“Whatever the cause, be assured that the baby is not crying to irritate or annoy you,” she said. “Most of the time you can figure out what the child wants and calm her down by taking care of her immediate needs. After you’ve tended to the baby’s needs, sometimes it is okay to just let her cry. Make sure she’s been fed, then check for dirty diapers, and determine the comfort level in the room. After that, put her back into her crib and leave the room. You can still peek in every 10 minutes or so to make sure she’s okay, but don’t get upset if she continues to cry. This, too, will pass. It is important to stay calm, because the calmer you are, the calmer your child will be. Sometimes you just have to take a ‘time-out.’ Before you lose control, put the baby in her crib and take some time for yourself, away from baby.”

Not all babies who die from SBS are the cause of frustrated parents. In a recent case in Northern Utah, it was the babysitter who was arrested in the death of a young child.

Annie’s Nannies suggests always checking someone’s references and background and find someone that will match well with the child. Training with the caregiver and weekly meetings are important in ensuring that the caregiver and child are a good match for each other.

For more tips on choosing a caregiver, visit Household Staffing.

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Copyright 2011 St. George News. This material may not be published or rewritten without written consent.

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1 Comment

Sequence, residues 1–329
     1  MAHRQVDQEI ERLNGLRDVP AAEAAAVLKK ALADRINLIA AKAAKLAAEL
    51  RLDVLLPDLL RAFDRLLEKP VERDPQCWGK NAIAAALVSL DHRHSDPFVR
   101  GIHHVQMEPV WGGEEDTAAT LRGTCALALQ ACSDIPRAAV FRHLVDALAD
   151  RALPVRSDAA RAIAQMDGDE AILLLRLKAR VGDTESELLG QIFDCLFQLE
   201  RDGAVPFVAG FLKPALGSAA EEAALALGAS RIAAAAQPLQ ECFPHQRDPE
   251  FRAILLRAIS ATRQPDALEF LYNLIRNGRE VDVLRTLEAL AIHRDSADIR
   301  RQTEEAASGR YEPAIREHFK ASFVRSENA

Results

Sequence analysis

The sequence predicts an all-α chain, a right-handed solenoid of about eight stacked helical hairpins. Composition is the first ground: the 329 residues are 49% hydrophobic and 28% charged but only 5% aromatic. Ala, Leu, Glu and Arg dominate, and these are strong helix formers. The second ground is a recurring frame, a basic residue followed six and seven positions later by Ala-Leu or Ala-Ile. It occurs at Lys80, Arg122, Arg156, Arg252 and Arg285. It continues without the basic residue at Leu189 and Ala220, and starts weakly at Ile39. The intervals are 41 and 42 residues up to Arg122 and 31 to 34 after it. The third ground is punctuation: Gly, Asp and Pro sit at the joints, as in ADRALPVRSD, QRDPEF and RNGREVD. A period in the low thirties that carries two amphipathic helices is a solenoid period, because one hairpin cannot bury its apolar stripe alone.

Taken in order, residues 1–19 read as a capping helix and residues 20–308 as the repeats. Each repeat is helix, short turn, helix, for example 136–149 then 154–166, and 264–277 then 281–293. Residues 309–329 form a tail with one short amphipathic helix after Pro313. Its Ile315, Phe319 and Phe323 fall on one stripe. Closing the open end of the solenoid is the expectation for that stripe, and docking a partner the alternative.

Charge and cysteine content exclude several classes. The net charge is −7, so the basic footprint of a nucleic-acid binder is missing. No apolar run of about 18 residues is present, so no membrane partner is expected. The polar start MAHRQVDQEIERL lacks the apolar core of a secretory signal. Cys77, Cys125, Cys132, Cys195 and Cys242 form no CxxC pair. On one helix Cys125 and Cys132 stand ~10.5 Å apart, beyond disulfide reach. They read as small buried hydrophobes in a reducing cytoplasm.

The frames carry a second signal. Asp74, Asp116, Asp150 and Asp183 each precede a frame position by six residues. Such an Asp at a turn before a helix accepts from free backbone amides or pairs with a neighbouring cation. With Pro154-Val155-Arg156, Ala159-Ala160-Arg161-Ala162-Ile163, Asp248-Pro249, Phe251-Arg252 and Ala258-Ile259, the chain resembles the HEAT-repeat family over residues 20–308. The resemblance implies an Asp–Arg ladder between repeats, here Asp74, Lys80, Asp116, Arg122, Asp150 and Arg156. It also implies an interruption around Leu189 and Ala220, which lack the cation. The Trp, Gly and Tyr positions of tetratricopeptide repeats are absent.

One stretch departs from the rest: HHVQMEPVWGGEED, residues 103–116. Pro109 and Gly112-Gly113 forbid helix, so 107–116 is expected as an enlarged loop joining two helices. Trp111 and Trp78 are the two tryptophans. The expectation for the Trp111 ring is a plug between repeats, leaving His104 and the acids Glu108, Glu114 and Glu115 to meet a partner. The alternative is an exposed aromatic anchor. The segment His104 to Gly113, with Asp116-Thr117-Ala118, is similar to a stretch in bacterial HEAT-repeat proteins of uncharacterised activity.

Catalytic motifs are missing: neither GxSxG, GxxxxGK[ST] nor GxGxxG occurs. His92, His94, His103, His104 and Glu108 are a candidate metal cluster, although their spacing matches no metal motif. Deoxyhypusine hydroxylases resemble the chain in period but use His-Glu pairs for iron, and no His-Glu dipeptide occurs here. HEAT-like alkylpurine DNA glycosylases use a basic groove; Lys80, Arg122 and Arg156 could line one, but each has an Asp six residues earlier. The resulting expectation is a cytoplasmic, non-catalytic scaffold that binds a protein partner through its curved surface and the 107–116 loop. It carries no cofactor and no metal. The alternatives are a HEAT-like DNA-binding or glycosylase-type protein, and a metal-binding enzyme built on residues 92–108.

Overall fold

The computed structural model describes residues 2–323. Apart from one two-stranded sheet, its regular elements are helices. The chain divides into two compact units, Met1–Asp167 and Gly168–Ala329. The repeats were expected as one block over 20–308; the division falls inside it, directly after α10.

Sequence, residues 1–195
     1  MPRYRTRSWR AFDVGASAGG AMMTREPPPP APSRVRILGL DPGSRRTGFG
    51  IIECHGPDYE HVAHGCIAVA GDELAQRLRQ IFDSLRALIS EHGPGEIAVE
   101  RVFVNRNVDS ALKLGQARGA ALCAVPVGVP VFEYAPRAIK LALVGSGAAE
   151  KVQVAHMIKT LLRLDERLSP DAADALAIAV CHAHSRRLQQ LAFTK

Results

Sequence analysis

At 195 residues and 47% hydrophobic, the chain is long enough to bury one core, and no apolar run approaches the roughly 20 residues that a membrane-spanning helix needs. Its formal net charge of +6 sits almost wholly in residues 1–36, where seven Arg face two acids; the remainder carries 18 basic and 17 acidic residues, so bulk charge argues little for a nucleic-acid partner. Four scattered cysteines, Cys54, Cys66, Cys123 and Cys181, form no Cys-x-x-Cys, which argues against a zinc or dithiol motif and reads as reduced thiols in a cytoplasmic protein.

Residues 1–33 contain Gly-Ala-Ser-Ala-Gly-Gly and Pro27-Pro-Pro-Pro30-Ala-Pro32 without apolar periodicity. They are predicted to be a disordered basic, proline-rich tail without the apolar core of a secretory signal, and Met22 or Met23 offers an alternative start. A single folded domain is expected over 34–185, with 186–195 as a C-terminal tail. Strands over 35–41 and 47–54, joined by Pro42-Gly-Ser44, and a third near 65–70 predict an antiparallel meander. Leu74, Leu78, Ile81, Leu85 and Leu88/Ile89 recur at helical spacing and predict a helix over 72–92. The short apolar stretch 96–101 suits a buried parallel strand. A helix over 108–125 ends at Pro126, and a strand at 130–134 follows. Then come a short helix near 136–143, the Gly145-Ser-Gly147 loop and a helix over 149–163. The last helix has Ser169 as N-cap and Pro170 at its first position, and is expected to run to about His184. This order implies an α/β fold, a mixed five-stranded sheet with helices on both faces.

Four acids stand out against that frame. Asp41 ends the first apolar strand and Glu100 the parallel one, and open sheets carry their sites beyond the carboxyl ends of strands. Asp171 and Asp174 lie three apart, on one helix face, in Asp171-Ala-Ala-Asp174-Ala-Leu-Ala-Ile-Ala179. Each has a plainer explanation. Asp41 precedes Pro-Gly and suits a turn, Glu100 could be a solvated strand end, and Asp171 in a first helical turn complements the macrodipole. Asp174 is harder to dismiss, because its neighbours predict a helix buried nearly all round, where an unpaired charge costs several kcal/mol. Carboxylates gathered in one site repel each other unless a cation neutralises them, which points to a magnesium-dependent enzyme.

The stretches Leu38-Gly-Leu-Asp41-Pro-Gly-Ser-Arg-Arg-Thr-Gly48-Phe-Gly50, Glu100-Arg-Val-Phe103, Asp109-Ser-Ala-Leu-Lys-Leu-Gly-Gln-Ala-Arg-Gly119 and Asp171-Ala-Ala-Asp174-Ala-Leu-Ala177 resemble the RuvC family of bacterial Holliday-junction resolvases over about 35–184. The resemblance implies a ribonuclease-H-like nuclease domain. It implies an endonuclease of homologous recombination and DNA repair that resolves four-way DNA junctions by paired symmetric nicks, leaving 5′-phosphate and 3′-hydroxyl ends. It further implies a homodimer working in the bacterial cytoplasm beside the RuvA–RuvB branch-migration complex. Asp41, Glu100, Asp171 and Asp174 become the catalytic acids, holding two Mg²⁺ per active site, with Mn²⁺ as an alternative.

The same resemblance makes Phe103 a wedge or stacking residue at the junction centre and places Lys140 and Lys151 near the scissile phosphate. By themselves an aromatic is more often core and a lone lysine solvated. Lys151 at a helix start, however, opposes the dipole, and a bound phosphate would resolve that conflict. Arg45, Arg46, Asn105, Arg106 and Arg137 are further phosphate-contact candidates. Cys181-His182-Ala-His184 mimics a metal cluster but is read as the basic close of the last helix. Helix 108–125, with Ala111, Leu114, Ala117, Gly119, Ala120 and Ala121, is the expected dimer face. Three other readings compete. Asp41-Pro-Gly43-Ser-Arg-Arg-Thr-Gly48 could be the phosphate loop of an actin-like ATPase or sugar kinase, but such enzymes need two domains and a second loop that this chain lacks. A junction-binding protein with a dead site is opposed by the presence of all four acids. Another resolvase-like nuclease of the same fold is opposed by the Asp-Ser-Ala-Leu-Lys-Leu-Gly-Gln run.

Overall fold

• george October 13, 2011 at 12:44 pm

    It’s well-intentioned, but the advice to check references and background is not only incomplete, but likely to give a false sense of security if that’s the only thing parents do.

    Far more important is to not only ask a child care provider what they know about the causes and consequences of shaking a child, but how they plan to cope with the inevitable moments of frustration that come when caring for a child.

    If your prospective provider doesn’t have a plan because she (I recognize the fact that most providers are women) doesn’t anticipate such moments, you’re either dealing with the supernatural or someone who isn’t prepared and isn’t going to tell you when she isn’t feeling capable of staying in control.

    The second most important thing is to recognize the fact that those moments are inevitable, and that there will be times when the provider is sick or otherwise not as capable as she usually is, and that it is perfectly OK for that person to call you and say “today’s not a good day for me.”

    If she has that permission, she can decide whether to use it. When someone doesn’t have a choice, the stress level goes up, and the probability of a good outcome goes down.

    It’s especially important that a provider know about the “Golden Hour”: doctors can do much more to treat head injury if it is brought to their attention in the first hour after injury. If something happens, a provider must acknowledge it, and call 911. Trying to hide it can only hurt.

    We learned these things the hard way.

    Our eleven month old son was shaken by his child care provider: a 54 year old grandmother, with four children of her own, who was also caring for her one year grandson that day.